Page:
Cameroon: Unrest spreads to Yaoundé even after taxi strike ends
|Publication Date||27 February 2008|
|Cite as||IRIN, Cameroon: Unrest spreads to Yaoundé even after taxi strike ends, 27 February 2008, available at: http://www.refworld.org/docid/47cbc62619.html [accessed 29 April 2017]|
|Disclaimer||This is not a UNHCR publication. UNHCR is not responsible for, nor does it necessarily endorse, its content. Any views expressed are solely those of the author or publisher and do not necessarily reflect those of UNHCR, the United Nations or its Member States.|
IRIN spoke to people in Yaoundé who said they were hearing heavy gunfire all around.
"I tried to go to work this morning but I quickly turned back when I saw the situation," said an office worker in Yaoundé who did not want to be named.
"I saw a market being looted and burned. Now I am home and I am not going out again," the worker said.
Other people have been unable to reach their homes. "I am stuck in a health clinic," Lucien Mby a patient IRIN spoke to by telephone in Douala. "I cannot leave as I will not take the risk of starting my car," he said. "The youth gangs will destroy it"
For three days, marauding gangs have looted shops and blocked traffic with burning tires. In Douala corpses were lying in streets in various parts of the city with gunshot wounds, according to eyewitnesses.
Local radio is reporting a total of eight deaths but several people IRIN spoke to put the tally higher.
Beyond the strike
The taxi strike officially ended late on 26 February with the head of the taxi union, Jean Collins Ndefossokeng, announcing on Radio France International: "it is no longer a good time for the strike with the current vandalism."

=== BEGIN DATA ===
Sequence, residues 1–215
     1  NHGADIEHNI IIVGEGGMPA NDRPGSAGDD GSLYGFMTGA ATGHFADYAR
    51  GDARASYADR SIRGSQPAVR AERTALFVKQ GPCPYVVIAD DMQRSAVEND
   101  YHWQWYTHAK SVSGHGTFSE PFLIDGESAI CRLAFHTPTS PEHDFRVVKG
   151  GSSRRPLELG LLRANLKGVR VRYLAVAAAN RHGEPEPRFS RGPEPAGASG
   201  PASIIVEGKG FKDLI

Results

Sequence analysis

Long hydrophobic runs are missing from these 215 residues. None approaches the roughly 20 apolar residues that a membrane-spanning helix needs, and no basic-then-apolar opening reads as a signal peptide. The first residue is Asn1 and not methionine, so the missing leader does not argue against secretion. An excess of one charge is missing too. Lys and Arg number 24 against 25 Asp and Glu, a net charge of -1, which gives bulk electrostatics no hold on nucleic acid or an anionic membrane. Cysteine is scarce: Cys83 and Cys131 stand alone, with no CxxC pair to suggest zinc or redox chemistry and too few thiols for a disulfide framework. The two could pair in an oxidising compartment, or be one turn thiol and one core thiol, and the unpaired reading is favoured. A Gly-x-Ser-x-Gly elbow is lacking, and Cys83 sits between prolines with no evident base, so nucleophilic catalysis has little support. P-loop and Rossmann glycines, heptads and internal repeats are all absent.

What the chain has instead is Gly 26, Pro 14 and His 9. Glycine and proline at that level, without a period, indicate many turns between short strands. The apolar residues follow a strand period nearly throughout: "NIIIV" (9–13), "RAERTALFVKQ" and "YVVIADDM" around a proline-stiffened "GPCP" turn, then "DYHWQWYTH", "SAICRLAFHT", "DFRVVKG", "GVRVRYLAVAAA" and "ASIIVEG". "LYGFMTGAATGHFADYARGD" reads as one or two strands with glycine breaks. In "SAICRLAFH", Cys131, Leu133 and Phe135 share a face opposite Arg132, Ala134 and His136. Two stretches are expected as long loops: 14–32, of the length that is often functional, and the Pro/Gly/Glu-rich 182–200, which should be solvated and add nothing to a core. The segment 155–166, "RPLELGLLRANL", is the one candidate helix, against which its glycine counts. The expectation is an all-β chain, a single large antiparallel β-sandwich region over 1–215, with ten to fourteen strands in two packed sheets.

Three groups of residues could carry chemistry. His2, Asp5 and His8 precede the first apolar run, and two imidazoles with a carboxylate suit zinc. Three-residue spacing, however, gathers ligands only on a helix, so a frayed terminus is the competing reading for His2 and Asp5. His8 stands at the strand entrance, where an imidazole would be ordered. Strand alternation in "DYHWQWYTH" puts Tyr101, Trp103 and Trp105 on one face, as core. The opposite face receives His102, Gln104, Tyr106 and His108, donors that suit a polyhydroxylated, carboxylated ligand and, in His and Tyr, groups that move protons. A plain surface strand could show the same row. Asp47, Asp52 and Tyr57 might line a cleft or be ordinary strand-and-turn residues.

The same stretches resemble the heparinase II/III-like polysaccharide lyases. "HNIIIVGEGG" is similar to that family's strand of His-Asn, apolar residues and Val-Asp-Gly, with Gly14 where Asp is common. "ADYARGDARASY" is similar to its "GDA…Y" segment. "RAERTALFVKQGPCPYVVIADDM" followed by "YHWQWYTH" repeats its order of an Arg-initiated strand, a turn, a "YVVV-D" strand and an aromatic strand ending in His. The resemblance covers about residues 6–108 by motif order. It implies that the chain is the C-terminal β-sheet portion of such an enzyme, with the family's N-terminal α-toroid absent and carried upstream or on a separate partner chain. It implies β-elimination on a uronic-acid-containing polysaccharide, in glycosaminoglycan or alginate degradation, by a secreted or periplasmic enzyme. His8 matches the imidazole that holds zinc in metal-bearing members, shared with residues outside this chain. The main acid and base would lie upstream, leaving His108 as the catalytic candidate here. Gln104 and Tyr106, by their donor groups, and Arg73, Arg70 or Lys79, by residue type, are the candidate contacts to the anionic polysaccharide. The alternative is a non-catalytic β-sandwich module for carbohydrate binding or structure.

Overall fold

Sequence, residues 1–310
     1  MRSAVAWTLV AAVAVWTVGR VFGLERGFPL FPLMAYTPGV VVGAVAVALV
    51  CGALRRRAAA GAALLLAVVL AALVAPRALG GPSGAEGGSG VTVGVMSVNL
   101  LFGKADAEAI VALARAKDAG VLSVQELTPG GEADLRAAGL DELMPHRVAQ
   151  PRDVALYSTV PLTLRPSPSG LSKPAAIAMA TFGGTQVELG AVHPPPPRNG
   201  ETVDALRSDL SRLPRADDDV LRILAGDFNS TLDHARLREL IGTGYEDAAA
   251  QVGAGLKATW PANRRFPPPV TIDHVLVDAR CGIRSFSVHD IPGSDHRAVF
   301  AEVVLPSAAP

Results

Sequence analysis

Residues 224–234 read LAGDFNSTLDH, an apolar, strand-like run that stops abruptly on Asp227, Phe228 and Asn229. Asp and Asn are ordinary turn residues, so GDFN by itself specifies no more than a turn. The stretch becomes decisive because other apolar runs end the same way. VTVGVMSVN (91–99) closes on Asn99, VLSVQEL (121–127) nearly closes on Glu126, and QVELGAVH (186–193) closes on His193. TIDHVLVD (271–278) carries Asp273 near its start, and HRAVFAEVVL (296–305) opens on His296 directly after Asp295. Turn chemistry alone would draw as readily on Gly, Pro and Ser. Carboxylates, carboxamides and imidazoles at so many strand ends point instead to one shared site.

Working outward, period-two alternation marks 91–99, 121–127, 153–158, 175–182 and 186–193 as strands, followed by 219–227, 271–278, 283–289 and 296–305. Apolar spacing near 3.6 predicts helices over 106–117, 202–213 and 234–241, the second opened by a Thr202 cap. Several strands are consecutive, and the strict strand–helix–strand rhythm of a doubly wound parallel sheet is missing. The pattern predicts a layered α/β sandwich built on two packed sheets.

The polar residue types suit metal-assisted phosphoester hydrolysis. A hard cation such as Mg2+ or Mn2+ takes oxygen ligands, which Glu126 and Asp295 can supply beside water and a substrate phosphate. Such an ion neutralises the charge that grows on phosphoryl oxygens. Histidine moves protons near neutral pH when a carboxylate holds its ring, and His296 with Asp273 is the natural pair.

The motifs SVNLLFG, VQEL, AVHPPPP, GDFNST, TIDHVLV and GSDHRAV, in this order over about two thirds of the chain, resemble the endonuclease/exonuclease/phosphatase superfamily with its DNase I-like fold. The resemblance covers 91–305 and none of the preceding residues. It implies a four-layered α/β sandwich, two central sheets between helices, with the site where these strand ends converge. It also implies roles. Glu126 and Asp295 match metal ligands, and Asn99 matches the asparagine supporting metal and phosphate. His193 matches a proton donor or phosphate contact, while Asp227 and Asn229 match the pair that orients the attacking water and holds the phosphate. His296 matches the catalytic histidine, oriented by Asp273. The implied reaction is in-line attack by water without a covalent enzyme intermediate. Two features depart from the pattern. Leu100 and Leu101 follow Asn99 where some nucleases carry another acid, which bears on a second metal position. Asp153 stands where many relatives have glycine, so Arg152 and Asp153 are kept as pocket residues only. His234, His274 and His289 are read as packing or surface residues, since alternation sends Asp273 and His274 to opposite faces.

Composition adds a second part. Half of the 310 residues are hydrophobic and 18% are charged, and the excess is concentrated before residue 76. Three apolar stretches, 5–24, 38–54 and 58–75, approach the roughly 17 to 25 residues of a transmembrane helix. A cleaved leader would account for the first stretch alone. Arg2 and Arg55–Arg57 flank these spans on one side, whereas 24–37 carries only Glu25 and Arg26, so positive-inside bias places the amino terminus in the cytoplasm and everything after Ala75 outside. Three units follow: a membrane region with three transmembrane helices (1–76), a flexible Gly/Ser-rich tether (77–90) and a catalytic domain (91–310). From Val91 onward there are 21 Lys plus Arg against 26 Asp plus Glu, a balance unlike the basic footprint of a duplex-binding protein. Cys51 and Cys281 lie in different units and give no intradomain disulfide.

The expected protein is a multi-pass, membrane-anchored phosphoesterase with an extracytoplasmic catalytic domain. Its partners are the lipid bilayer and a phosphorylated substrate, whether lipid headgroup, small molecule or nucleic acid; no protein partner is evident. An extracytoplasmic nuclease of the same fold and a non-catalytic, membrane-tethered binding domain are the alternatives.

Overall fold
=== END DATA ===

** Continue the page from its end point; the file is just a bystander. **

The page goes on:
He also said the government had conceded to the taxi drivers' demand of reducing the price of fuel, though the reduction will only be 6 FCFA (less than one US cent) a litre.
The taxi strike was only a catalyst for the population to vent growing frustrations at their deteriorating living standards and a government that they see as ineffectual, say many observers.
"The political class has been very complacent for many years," Cameroon researcher from the University College of London Ben Page told IRIN in an email, "it is completely out of touch with the urban poor."
The population has faced difficult living conditions in the past with little civil unrest compared to neighbouring countries. Many of Cameroon's elite have said that their country could never become as violent as others in Africa because it doesn't have any ethnic groups that dominate.
But Page disagrees. "[People say that] because there are so many ethnic groups in Cameroon, no one group can dominate," he said. "They have assumed that ethnic diversity will provide them with a buffer against violence [but that] assumes there is limited solidarity among the urban poor [to] unite if only to express frustration and self-defeating violence."
Roads in and out of Douala reportedly remain blocked. In the centre of the city IRIN only found one shop open with a long line of people outside waiting to buy bread.
There has been some informal trade in fresh produce but prices of some goods had more than doubled.
Shops in Yaoundé were also mostly closed on 27 February and in both cities few civilian vehicles were circulating, not even taxis.
In the northwest towns of Bamenda and Kumba demonstrations were also reported. "I saw hundreds of people marching in the street with posters," a resident of Kumba told IRIN by telephone on 27 February.
He said some demonstrators were holding posters calling on President Paul Biya to step down while others were demanding that the government brings a halt to the rising cost of living.